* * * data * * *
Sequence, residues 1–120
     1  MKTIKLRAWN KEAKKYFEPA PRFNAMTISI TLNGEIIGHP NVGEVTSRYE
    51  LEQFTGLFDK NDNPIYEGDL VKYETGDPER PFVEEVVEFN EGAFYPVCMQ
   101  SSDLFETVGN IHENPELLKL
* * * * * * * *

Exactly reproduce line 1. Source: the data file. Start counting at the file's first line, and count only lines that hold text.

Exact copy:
Sequence, residues 1–120